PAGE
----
For example, if NTTI=3, NA-MAP=1, and the Tx/Rx processing time =3 in a 5:3 TDD structure, a UL data burst transmission indicated by data burst assignment information in a #2 DL subframe of a #i frame starts in a #0 (h=0) UL subframe of a #(i+1) (a=(i+1)) frame because U-m (3-1)<NTTI(=3) and a DL HARQ feedback for the data burst is transmitted in a #2 (f=2) UL subframe of a #(i+2) (b=(i+2)) frame. If the DL HARQ feedback is a NACK signal, a retransmission takes place in a #0 UL subframe of a #(i+3), i.e. (b+1=i+3) frame, similarly to the calculation of a=i+1 based on a HARQ Tx offset being 1.

In another example, if a long TTI spans the whole UL period in TDD UL, a data burst transmission always starts in a #0 UL subframe. In this system, when data burst assignment information in a #l DL subframe indicates a long-TTI UL transmission, a data burst corresponding to the subframe index l starts to be transmitted in a #0 subframe of a #j frame (m=0). An HARQ feedback for the data burst is transmitted in a #l DL subframe of a #k frame. If the HARQ feedback is a NACK signal, an HARQ retransmission starts in a #0 UL subframe of a #p frame. The frame indexes j, k and p are computed by equations defined in Table 4 using the HARQ Tx offset v and the HARQ feedback offset w that are determined taking into account m=0.

In FDD, DL subframes and UL subframes are successive respectively in their different frequency bands. Thus a long TTI transmission may start in any subframe. However, if the start of a long TTI transmission is limited to a specific subframe in view of implementation complexity or any other factor, control information (e.g., resource allocation information and HARQ feedback information) may concentrate in a specific subframe, as in TDD. Accordingly, an HARQ timing needs to be readjusted in FDD, similarly to TDD.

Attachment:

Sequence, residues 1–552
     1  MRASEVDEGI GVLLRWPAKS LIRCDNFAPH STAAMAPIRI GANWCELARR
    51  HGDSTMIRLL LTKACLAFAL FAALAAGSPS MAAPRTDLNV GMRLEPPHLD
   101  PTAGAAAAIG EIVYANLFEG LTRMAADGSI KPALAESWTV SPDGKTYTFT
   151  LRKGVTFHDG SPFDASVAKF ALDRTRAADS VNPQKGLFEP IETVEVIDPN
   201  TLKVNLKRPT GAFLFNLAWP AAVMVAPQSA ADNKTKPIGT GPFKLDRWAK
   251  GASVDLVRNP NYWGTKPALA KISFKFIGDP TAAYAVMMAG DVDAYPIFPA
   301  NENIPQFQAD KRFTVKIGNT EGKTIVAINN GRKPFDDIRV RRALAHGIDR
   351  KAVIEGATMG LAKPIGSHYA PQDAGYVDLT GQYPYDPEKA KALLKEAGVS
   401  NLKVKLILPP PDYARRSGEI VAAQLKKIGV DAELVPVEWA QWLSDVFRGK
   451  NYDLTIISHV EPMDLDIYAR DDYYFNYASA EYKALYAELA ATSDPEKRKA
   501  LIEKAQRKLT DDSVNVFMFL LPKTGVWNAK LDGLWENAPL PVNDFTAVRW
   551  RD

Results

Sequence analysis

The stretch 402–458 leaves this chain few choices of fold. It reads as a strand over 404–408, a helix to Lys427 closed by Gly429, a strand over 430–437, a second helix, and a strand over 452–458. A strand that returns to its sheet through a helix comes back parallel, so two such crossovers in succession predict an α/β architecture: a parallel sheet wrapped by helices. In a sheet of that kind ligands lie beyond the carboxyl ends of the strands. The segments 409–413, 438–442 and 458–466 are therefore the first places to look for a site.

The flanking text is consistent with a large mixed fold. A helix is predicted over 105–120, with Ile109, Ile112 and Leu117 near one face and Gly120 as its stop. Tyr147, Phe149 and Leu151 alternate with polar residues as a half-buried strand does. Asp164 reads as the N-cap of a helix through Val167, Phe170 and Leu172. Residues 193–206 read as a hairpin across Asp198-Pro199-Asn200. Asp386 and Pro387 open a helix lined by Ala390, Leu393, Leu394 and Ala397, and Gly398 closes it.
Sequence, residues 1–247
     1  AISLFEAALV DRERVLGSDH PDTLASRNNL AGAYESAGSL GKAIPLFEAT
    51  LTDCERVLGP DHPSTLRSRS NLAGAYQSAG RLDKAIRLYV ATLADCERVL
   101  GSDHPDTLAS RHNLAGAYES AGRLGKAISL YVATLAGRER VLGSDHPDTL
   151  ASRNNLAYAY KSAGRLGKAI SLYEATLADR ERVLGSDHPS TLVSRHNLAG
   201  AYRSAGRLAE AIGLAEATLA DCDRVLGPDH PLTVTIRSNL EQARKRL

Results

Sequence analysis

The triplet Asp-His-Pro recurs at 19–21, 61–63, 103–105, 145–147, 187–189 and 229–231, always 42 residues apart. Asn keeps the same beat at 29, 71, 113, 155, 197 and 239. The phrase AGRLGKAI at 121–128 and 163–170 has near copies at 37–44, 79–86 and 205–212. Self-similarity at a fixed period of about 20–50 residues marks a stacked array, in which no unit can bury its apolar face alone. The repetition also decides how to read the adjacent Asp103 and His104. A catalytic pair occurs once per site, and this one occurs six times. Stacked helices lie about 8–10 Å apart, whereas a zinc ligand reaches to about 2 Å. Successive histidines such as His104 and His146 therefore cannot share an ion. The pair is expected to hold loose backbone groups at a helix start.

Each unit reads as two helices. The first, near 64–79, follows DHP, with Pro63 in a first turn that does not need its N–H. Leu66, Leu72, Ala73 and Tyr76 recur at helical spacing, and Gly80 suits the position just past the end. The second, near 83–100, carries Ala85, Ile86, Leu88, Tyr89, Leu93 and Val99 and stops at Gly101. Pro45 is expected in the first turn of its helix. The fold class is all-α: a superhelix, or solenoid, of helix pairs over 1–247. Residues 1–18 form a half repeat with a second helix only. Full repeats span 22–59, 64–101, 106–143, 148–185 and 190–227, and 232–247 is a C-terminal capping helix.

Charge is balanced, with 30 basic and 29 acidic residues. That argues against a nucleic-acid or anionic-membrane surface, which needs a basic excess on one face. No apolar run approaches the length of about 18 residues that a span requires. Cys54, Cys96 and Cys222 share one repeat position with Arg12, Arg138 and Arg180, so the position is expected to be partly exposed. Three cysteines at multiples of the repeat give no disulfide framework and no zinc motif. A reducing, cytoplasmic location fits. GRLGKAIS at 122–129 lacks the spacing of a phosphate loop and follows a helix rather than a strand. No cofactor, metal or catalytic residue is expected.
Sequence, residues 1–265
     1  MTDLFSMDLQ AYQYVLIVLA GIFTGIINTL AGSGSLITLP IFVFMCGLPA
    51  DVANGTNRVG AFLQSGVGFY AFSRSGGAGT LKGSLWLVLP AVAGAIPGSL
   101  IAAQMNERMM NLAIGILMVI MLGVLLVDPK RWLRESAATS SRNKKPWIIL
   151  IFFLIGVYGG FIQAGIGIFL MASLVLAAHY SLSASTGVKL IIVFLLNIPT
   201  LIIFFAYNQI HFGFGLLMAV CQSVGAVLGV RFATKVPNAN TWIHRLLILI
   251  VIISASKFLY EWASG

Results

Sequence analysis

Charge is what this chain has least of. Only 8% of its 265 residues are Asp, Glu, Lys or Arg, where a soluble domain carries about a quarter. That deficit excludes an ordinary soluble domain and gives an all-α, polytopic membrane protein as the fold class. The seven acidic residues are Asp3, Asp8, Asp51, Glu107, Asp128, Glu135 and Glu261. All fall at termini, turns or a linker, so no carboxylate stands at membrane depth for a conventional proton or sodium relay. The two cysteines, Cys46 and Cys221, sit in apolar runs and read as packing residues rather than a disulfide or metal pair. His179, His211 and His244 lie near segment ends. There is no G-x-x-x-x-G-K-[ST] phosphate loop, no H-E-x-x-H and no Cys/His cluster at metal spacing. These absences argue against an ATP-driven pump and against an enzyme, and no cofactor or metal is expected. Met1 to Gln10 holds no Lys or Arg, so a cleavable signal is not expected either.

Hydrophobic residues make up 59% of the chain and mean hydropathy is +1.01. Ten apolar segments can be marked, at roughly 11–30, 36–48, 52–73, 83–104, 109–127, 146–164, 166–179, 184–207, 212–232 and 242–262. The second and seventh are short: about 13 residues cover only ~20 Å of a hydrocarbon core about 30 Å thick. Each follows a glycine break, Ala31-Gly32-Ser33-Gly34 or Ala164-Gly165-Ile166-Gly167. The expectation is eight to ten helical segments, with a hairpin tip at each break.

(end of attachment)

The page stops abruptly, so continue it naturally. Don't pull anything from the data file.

If the start of a long TTI transmission is limited to a specific DL subframe, DL subframe x for a DL HARQ operation in an FDD system, the following HARQ timing may be considered. The long TTI transmission includes at least one DL subframe (x1, x2, . . ., xmax). Herein, NA-MAP is 1. That is, when data burst assignment information transmitted in a #l DL subframe (l≠x) indicates a long TTI transmission, the long TTI transmission starts in a DL subframe that allows for the long TTI transmission after the #l subframe.

In the above case, if data burst assignment information transmitted in a # l DL subframe indicates a long-TTI DL transmission and l=x, the subframe indexes m and n and the frame index j for an HARQ operation are computed by Table 1. On the contrary, if l≠x, the data burst transmission starts in the #m frame. An HARQ feedback for the data burst is transmitted in the #n subframe of the #j frame. Here, the indexes m, n and j are determined by equation (16), not by Table 1. That is, the position of the HARQ feedback, (n, j) is determined based on the DL subframe index l of the data burst assignment information, the subframe index x and frame index of the data burst.

[Corrected under Rule 26 07.04.2010]

Figure WO-DOC-FIGURE-12

..... (16)

where xn i denotes a #xn subframe of a #i frame and l=0,1,...F-1.

For example, if the start of a TTI transmission is confined to #0 and #4 DL subframes, F=8, NTTI=4, and the Tx/Rx processing time is 3 subframes, a long TTI transmission indicated by data burst assignment information in a #1, #2 or #3 DL subframe (i.e., x2=4) of a #i frame starts in a #4 DL subframe of the #i frame (m=4) and an HARQ feedback for the long TTI transmission is transmitted in a #n UL subframe of a #(i+1) frame. Herein, n ranges from 5 to 7. Herein, (ceil(8/2)-4+3) is equal to or larger than 3 and thus z=0. Also, a long TTI transmission indicated by data burst assignment information in #5 to #7 DL subframes of the #i frame starts in a #0 DL subframe of the #(i+1) frame (m=0) and an HARQ feedback for the long TTI transmission is transmitted in a #n UL subframe of a #(i+2) frame. Herein, n ranges from 1 to 3. Herein, (ceil(8/2)-4-5) is smaller than 3 and thus z=1.

In FDD UL HARQ, if the start of a long TTI transmission is limited to a specific UL subframe, UL subframe y for a UL HARQ operation in the FDD system, the following HARQ timing may be considered. The long TTI transmission includes at least one UL subframe (y1, y2, . . ., ymax).